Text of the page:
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AMA Requests YOU Send Comment to FAA Re: Their Rulemaking

Discussion in 'News' started by Visioneer, Jun 28, 2014.

  1. Visioneer

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    (Also posted in viewtopic.php?f=3&t=18824 as this merits every US pilot's attention)

    Here's AMA's follow-up ... with a more detailed account of their concerns and a request that concerned individuals provide their comments to the FAA. I suspect a well reasoned, civil response has a better chance of being noticed than one which is not. In any event, it's likely that the volume of comments will bear as much weight as their content (however "form" letters carry little weight - use your own words). Now is the time to let the FAA know how many of us are watching.

    DEADLINE TO COMMENT: On or before July 25, 2014
    DEADLINE extended to September 23, 2014

    AMA's Areas of Concern Regarding the FAA Interpretive Rule for Model Aircraft

    On Tuesday, June 24th AMA issued a member alert expressing concern over some provisions in the FAA's interpretation of the Special Rule for Model Aircraft established by Congress in the FAA modernization and Reform Act of 2012. In that alert, we let members know that we would be following up with today's alert that explains AMA's concerns in greater detail.

    We need you to take action now and respond by July 25, 2014 to the FAA Interpretation of the Special Rule for Model Aircraft that was released June 23, 2014. The Academy has reviewed the rule and is extremely disappointed and troubled be the approach the FAA has chosen to take in regards to this issue. FAA's Interpretive Rule

    To help you respond to the FAA, we have outlined AMA's major concerns in the bullets below. A more in-depth explanation of our concerns can be found at AMA's Concerns (https://www.modelaircraft.org/files/AMA ... ule614.pdf).

    Throughout the rule the FAA takes great latitude in determining Congress' intentions and in placing tightly worded restrictions through its "plain-language" interpretation of the text.
    The FAA uses the plain language doctrine to create a regulatory prohibition of the use of a specific type of technology.
    FAA's overreaching interpretation of the language in the Public Law is evident in the rule's interpretation of the requirement that model aircraft be "flown strictly for hobby or recreational use."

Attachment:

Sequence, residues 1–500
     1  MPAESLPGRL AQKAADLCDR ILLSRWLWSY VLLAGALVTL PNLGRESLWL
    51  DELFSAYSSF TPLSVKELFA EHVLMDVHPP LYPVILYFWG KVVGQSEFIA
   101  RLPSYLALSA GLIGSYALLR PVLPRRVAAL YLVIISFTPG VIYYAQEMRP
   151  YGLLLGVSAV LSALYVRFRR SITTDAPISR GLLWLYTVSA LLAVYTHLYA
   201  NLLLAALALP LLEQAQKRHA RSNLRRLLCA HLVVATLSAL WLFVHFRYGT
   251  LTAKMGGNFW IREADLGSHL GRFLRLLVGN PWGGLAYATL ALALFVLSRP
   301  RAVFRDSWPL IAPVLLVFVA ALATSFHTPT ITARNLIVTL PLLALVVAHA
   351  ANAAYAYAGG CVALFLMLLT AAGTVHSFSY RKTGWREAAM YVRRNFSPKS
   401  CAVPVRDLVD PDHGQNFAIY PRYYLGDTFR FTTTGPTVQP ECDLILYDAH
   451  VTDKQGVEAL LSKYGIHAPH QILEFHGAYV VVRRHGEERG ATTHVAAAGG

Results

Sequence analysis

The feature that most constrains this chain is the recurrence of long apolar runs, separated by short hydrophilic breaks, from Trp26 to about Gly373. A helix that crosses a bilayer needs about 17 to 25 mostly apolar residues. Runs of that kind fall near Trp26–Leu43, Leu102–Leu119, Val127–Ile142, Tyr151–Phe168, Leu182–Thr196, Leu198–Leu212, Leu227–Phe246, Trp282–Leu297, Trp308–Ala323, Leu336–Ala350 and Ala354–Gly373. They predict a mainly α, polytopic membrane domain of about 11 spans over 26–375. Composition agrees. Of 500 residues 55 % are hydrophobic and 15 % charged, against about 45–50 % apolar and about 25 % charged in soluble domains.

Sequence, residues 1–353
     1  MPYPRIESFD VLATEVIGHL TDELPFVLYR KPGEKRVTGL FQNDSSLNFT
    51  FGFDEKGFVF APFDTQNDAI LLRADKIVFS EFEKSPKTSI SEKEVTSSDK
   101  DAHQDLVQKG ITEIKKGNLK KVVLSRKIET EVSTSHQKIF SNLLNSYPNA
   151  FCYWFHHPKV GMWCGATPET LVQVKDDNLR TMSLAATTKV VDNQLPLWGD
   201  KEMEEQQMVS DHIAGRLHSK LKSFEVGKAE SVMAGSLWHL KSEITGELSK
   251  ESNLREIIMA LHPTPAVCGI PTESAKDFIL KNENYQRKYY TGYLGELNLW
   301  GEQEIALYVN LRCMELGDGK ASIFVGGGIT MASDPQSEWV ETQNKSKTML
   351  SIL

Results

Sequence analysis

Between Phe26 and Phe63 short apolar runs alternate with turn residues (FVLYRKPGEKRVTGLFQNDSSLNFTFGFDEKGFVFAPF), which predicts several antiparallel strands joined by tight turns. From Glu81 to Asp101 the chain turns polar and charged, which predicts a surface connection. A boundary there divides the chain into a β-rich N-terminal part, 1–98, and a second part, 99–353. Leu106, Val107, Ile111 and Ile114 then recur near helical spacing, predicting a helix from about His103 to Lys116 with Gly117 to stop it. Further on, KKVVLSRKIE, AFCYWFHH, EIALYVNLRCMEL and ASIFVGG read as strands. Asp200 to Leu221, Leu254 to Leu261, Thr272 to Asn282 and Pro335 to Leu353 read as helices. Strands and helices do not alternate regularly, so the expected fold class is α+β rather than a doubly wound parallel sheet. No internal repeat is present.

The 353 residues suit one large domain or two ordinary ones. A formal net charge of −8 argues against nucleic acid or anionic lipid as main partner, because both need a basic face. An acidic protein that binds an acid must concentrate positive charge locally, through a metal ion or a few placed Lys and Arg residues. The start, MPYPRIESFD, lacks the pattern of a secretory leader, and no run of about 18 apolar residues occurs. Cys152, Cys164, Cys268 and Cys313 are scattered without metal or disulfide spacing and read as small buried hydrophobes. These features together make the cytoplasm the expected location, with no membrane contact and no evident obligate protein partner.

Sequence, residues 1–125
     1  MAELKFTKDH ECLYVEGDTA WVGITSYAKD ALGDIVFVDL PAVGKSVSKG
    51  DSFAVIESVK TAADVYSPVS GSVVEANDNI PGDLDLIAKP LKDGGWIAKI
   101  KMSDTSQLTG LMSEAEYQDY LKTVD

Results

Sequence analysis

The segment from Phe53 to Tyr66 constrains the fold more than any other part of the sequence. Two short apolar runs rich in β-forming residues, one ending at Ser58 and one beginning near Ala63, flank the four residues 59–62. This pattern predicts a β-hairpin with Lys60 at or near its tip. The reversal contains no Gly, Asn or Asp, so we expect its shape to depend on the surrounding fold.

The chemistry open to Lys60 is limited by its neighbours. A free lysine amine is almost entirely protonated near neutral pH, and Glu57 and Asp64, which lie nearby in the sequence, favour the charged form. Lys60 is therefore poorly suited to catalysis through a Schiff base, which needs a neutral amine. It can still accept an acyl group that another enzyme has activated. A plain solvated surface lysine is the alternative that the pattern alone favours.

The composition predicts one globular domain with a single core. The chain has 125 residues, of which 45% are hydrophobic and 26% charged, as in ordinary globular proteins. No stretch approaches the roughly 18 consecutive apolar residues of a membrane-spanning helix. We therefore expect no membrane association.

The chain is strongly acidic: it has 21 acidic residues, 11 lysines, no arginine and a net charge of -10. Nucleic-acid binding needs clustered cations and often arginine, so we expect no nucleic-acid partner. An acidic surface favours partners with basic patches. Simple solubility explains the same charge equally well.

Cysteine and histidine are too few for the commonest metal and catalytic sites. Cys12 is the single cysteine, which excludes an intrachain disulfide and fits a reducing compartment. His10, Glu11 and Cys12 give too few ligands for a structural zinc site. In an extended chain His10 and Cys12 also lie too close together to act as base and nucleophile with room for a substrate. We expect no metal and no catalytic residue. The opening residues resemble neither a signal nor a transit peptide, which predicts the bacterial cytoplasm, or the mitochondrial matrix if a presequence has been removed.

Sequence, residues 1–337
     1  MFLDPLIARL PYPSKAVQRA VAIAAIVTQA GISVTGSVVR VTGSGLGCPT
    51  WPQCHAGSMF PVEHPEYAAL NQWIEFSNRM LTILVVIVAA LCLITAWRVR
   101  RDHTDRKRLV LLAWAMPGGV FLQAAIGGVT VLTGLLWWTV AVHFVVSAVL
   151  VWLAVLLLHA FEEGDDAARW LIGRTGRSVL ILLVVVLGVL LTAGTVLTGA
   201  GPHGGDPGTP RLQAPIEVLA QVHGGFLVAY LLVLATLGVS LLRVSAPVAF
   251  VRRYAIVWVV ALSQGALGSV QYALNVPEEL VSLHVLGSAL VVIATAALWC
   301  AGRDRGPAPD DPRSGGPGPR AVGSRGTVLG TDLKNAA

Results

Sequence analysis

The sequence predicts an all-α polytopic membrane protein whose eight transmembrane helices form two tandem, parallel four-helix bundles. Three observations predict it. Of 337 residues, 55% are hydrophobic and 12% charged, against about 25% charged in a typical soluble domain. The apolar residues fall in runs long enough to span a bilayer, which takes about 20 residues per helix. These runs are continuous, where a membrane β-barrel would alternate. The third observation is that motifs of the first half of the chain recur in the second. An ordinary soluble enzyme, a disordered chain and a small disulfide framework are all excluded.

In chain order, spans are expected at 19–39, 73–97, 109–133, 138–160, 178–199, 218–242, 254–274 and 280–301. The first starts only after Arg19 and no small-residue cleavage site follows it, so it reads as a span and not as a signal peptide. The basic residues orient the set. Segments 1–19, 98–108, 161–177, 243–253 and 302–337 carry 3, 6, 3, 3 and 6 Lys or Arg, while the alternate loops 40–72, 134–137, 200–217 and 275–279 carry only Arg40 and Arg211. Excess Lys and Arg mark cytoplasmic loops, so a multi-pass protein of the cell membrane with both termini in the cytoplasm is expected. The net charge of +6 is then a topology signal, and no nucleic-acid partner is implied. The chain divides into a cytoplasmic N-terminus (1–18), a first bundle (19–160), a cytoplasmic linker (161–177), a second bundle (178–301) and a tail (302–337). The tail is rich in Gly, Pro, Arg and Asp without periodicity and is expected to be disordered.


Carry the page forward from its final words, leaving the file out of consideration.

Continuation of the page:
Although the FAA acknowledges that manned aviation flights that are incidental to a business are not considered commercial under the regulations, the rule states that model aircraft flights flown incidental to a business are not hobby or recreation related.
    The rule overlooks the law's clear intention to encompass the supporting aeromodeling industry under the provision of the Special Rule, "aircraft being developed as a model aircraft." The rule's strict interpretation of hobby versus business puts in question the activities of the principals and employees of the billion dollar industry that supplies and supports the hobby.
    The Public Law states that when model aircraft are, "flown within 5 miles of an airport, the operator of the aircraft (must) provide(s) the airport operator and the airport air traffic control tower (when an air traffic facility is located at the airport) with prior notice of the operation. However the rule indicates that approval of the airport operator is required. Although it is understood that making notification to the airport and/or ATC will open a dialog as to whether the planned activity is safe to proceed, there is no intent in the law that this be a request for permission on the part of the model aircraft pilot.
    The Interpretive Rule establishes new restrictions and prohibitions to which model aircraft have never been subject. This is counter to the Public Law which reads, "The Federal Aviation Administration may not promulgate any rule or regulation regarding a model aircraft or an aircraft being developed as a model aircraft,..." if established criteria are met.
    The Interpretive Rule attempts to negate the entire Public Law by stating, "Other rules in part 91, or other parts of the regulations, may apply to model aircraft operations, depending on the particular circumstances of the operation. This in and of itself makes model aircraft enthusiasts accountable to the entire litany of regulations found in Title 14 of the Code of Federal Regulations, something that was never intended by Congress and until now never required by the FAA.

    How to Respond to the FAA.

    All AMA members, family and friends need to take action now to let the FAA know that this rule significantly impacts the entire aeromodeling community and that this community is resolute and committed to protecting the hobby.

    There are four methods to submit a comment. Emailing your comment is the fastest and most convenient method. All comments must include the docket number FAA-2014-0396. Tips for submitting your comments (are at http://www.regulations.gov/docs/Tips_Fo ... mments.pdf)

    Email: Go to http://www.regulations.gov. Follow the online instructions for sending your comments electronically.

    Mail: Send Comments to Docket Operations, M-30; US Department of Transportation, 1200 New Jersey Avenue, SE., West Building Ground Floor, Room W12-140, West Building Ground Floor, Washington, DC 20590-0001.